There is some light at the end of the tunnel for James Broadhurst.
Remember him? Outstanding second-rower who earned a test cap in July 2015 against the Springboks after a stellar Super Rugby season with the Hurricanes. He was even a nominee for Super Rugby player of the season at the last Steinlager Awards.
But just weeks after that test 12 months ago, Broadhurst was badly concussed playing for Taranaki in their ITM Cup opener against Wellington. He hasn't been sighted on a rugby field since as he works to rid himself of the troublesome symptoms. The 28-year-old is contracted to the Hurricanes until the end of 2017, and coach Chris Boyd says he is back in the gym, if not, understandably, anywhere near peak condition.
"Broady has been around the base quite a bit the last week or so. It's been slowly, slowly, as it should be with those situations, but he is making some really good progress and is in a good, positive frame of mind at the moment," Boyd says.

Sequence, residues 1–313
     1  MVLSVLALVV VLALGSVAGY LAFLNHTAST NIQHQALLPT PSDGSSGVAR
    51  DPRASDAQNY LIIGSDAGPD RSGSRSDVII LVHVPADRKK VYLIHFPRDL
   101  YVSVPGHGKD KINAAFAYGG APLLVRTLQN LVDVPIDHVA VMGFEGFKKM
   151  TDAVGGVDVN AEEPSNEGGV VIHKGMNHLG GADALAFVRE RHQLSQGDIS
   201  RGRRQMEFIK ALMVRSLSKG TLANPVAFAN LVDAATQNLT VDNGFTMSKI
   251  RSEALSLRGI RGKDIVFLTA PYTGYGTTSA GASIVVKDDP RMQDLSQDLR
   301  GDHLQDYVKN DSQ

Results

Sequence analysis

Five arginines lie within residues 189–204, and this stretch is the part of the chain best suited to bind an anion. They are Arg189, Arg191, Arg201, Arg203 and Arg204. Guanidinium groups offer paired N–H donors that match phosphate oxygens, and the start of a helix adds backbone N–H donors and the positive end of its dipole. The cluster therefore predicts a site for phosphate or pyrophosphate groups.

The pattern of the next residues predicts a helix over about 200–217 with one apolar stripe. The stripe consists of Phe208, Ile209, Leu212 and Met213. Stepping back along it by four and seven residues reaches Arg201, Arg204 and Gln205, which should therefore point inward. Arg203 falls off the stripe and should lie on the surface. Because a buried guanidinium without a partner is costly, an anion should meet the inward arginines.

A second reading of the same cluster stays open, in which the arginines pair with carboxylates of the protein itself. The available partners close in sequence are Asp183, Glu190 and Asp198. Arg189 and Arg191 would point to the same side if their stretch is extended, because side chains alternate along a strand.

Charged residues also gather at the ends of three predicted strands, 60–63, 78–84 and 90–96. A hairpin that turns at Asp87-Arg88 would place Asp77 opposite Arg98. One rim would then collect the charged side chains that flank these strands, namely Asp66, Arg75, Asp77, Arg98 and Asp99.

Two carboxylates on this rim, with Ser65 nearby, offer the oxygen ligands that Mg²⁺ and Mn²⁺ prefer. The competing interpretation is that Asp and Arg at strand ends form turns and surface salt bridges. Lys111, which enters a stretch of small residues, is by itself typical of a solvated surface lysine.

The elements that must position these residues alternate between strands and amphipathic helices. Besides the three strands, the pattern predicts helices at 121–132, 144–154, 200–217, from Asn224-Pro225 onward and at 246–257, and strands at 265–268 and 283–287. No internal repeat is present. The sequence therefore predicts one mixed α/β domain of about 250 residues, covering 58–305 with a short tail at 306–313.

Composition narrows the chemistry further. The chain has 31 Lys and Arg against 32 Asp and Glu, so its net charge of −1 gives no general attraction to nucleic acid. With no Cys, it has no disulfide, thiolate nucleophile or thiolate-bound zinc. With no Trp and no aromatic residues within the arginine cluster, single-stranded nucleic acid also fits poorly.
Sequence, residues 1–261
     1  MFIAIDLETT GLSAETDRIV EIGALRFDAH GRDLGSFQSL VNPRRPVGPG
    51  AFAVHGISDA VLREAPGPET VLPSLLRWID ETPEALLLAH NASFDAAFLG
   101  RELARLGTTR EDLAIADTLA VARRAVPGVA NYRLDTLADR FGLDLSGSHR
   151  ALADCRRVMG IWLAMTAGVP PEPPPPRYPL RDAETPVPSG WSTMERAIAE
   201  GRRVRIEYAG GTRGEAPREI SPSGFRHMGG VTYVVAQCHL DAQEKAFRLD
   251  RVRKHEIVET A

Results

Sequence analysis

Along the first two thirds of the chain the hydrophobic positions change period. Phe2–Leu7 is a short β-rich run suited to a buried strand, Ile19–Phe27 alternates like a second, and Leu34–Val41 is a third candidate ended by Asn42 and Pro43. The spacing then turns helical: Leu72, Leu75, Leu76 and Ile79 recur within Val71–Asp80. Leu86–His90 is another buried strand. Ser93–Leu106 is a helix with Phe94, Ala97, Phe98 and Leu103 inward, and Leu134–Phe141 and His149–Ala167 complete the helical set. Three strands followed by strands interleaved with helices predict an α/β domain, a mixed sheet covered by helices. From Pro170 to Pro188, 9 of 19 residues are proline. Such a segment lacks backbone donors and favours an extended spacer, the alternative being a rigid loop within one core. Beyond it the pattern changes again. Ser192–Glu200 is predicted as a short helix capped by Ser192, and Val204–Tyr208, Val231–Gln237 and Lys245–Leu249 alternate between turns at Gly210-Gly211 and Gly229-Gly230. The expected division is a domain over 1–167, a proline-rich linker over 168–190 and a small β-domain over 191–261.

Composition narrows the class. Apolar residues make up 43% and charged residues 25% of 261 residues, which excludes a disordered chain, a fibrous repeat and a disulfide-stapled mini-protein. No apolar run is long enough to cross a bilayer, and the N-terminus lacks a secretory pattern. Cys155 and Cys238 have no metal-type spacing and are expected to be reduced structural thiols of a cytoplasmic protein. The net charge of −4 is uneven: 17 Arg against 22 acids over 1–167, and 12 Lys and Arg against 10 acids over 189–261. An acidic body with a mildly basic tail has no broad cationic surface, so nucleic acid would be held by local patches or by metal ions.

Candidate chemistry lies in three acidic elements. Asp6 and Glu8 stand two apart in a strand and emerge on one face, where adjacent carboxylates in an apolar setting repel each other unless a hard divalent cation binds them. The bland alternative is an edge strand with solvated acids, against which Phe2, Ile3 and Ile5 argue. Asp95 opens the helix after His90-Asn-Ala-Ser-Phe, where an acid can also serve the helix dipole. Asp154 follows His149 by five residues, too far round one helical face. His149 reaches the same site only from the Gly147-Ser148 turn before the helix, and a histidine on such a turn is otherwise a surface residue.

"I don't think he's likely to play much Mitre 10 Cup this year, because twofold, he needs to get over his symptoms, and he hasn't done anything physically for 12 months, so he's got a bit to do to get into condition to play Super Rugby. He resembles a javelin at the moment and has lost a bit fair bit of condition.
"All long-term injuries are potentially problematic for sportspeople. I think the difference between concussion and an ACL... there is so much grey about when to return. Not only is the tunnel long but you don't know where the light is."
Broadhurst, along with the industrious Jeremy Thrush, formed a key cog in the 2015 Hurricanes as they stormed to the final. Both are now absent. Michael Fatialofa, in particular, has picked up much of the slack this season.
The rugby community will be hoping there is no concussion curse on former members of the Sacred Heart College First XV in Auckland. Prop Ben Afeaki was forced to retire from the game, while flanker Sean Polwart has not played since the start of 2015 and is believed to be still battling symptoms.